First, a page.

Get ready for an Audi R8 with an engine smaller than the current V-8 or V-10, according to Audi technical development head Ulrich Hackenberg. Autocar reports that Hackenberg is open to the possibility of a downsized, turbocharged engine for the next-generation Audi R8 that debuts in 2015.
Hackenberg told Autocar that the Audi R8, "will need a turbocharged engine," because, "In some countries, you need to reduce the capacity of engines and we need to find solutions for these markets… It's a big step from 10 cylinders to four though -- there are some numbers in between that we could look at."
Currently, the 2014 Audi R8 is offered with either a 4.2-liter V-8 or a 5.2-liter V-10 engine. A version of the 5.2-liter is also employed in the Lamborghini Huracán, which is closely related to the next-generation Audi R8 -- just as today's R8 is a sibling to the discontinued Lamborghini Gallardo.
Hackenberg confirmed that the new Audi R8 will continue to share many parts with the Lamborghini, including its V-10 engine and dual-clutch transmission, carbon-fiber firewall and center tunnel, and a structure that is made primarily from aluminum. Compared to the Huracán, the Audi R8 will be wider and will have a longer wheelbase, and, "The suspension layout and geometry is different so we can tune different characteristics."
Production of the next Audi R8 is expected to begin this year at a newly finished plant in Neckarsulm, Germany. We previously reported that the new Audi R8 will be lighter than today's model, and will ride on the new MSB-M modular platform that is shared with the Huracán. Along with the V-10, we expect the V-8 engine to remain, with the potential smaller turbo engine slotting in below these two powertrains. A dual-clutch transmission will be standard, as Hackenberg indicated the new R8 will not continue to offer a six-speed manual transmission. Pricing for the current 2014 Audi R8 (pictured) ranges from $119,150 to $183,895, including destination and gas-guzzler charges.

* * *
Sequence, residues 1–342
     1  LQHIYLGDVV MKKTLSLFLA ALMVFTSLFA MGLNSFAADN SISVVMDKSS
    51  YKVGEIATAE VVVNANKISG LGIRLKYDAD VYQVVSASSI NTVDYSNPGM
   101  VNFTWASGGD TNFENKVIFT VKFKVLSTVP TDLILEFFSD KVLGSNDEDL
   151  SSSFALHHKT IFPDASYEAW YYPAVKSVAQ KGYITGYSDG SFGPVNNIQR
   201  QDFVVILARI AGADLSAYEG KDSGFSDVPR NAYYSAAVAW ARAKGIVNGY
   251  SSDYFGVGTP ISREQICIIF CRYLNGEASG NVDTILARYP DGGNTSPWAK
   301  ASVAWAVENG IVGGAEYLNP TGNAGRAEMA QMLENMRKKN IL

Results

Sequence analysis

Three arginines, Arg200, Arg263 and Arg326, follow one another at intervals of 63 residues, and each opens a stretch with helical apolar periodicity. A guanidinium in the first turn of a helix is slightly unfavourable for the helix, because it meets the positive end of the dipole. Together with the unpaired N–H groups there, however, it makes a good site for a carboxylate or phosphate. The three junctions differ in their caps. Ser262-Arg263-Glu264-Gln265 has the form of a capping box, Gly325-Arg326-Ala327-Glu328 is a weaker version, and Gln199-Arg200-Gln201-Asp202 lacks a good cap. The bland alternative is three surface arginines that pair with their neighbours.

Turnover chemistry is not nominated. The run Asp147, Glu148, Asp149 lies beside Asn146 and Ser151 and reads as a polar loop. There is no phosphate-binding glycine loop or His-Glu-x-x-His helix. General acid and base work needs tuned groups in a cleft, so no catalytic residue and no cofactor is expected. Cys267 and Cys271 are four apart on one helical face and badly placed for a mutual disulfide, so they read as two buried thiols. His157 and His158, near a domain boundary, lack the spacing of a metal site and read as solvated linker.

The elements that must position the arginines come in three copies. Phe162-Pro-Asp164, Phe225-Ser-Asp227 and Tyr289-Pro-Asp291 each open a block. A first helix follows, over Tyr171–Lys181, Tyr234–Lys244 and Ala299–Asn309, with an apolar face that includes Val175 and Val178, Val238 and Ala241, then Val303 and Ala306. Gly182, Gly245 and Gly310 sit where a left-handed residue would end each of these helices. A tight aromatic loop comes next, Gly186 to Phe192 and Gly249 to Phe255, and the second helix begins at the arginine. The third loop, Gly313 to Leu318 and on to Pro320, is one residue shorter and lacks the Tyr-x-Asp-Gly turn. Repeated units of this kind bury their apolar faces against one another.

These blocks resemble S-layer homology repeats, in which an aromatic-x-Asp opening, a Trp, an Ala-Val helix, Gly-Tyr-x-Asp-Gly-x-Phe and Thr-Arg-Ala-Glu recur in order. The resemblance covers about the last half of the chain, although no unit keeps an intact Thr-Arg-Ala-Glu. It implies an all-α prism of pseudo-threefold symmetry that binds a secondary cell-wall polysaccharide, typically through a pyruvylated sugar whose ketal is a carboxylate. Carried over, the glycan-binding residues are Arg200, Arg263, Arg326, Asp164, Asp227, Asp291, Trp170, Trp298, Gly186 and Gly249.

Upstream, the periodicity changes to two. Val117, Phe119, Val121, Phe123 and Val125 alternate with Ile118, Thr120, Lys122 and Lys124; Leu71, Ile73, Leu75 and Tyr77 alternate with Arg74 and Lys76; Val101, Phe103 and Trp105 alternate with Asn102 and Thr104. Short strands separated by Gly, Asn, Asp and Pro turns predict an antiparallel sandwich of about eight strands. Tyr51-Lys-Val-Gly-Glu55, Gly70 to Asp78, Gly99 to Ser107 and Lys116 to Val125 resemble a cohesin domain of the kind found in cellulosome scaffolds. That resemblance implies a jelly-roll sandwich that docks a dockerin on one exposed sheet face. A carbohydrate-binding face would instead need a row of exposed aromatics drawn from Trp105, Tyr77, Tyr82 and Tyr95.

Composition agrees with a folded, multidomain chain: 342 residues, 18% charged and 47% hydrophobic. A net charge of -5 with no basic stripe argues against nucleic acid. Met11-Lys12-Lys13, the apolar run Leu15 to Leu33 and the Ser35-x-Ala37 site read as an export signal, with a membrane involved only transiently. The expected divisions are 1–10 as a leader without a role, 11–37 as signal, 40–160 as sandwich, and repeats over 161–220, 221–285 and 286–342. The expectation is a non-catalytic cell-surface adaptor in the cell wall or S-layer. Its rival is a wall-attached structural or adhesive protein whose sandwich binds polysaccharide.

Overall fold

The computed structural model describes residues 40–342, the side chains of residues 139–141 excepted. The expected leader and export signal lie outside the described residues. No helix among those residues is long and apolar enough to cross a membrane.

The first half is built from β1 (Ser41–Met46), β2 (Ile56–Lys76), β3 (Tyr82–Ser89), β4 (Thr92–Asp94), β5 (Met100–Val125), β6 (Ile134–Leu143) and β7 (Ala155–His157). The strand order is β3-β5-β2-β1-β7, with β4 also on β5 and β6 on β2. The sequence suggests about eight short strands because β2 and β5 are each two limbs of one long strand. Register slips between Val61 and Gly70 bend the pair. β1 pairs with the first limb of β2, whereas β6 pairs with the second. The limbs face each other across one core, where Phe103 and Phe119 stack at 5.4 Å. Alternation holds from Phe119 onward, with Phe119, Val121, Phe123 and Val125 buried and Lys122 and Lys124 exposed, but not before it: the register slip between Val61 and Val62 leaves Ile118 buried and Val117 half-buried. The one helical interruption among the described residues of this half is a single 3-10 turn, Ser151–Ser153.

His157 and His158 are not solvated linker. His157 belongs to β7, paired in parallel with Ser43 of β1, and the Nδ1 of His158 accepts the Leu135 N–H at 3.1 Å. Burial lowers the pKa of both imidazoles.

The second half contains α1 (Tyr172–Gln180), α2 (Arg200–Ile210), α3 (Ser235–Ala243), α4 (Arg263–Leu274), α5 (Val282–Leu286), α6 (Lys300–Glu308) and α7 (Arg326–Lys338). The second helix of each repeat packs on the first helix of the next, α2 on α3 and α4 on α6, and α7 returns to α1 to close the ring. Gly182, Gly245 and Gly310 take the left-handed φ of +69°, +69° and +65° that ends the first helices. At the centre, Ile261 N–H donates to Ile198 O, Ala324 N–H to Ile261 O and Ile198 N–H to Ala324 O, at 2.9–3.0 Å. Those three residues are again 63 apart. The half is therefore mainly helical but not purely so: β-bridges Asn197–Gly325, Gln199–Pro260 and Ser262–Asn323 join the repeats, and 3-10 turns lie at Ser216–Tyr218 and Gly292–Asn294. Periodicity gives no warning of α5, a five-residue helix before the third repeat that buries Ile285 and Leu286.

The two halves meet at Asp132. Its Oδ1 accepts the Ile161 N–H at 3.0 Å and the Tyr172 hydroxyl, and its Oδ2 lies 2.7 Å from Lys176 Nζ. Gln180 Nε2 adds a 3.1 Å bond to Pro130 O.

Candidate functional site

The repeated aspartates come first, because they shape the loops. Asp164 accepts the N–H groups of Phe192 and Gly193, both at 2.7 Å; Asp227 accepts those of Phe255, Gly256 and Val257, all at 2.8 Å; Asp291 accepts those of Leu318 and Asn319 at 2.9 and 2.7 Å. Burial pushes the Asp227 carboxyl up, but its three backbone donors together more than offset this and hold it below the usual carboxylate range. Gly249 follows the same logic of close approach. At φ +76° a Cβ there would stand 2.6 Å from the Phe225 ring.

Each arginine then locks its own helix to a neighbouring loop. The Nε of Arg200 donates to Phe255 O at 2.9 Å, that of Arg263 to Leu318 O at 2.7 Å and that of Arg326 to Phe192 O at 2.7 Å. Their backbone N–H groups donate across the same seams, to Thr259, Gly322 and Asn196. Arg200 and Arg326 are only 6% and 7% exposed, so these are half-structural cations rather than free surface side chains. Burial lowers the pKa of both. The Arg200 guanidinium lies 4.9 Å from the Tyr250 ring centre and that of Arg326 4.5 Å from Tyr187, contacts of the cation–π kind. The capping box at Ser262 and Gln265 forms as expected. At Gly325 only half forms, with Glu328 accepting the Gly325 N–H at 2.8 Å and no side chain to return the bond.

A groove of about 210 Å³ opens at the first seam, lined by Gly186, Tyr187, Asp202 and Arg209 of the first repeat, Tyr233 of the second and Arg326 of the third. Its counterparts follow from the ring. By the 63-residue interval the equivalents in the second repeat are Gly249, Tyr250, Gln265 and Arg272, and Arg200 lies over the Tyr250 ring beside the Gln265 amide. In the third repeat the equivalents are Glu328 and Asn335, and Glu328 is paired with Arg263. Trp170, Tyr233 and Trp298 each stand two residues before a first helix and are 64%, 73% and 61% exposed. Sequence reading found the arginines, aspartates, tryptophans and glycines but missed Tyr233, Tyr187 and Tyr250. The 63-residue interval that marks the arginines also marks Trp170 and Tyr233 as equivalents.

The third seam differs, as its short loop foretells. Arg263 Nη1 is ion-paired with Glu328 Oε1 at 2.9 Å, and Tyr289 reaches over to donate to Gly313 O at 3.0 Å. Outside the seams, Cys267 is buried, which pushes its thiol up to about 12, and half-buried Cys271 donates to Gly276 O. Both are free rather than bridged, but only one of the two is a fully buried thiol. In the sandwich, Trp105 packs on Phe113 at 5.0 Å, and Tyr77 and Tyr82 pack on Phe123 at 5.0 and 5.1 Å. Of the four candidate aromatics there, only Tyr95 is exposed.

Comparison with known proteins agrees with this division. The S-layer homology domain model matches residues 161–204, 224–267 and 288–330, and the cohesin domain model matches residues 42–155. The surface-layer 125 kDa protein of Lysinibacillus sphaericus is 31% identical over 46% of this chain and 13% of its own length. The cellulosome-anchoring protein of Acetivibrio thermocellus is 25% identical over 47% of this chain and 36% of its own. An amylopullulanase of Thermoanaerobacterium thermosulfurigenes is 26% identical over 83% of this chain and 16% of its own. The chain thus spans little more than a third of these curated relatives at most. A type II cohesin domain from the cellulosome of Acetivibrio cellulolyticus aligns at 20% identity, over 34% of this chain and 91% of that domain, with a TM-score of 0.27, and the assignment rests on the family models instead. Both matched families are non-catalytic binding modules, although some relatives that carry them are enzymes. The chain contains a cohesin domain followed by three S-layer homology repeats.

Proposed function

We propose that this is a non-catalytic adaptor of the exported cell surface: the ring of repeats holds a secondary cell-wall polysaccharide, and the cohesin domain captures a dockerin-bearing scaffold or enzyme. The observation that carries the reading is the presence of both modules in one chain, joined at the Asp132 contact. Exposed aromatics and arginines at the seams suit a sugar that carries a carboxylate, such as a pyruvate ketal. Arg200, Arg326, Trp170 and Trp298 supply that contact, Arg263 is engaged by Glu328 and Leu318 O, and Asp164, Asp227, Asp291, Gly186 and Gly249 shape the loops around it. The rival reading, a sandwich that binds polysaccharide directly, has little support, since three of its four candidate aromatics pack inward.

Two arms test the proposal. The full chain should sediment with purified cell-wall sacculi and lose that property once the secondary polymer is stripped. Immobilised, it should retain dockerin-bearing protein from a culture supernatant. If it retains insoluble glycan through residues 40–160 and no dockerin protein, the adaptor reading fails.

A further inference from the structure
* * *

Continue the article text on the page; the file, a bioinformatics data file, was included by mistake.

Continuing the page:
Plug-In RejuvenatedHackenberg also confirmed to Autocar that work on an Audi R8 e-tron plug-in model (pictured above) has been restarted. The R8 e-tron was at one point canceled, but earlier this year reports indicated that Audi had overcome several development issues and would continue with the program. The Audi R8 e-tron was originally axed because the battery technology used was reportedly too expensive and didn't give an adequate driving range. A decision on whether and when the car will go into production is expected soon.
"It was cancelled due to the range and a business case," Hackenberg told Autocar. "We've sorted out the range -- now more than 450km [280 miles] -- and improved all the running gear for efficiency."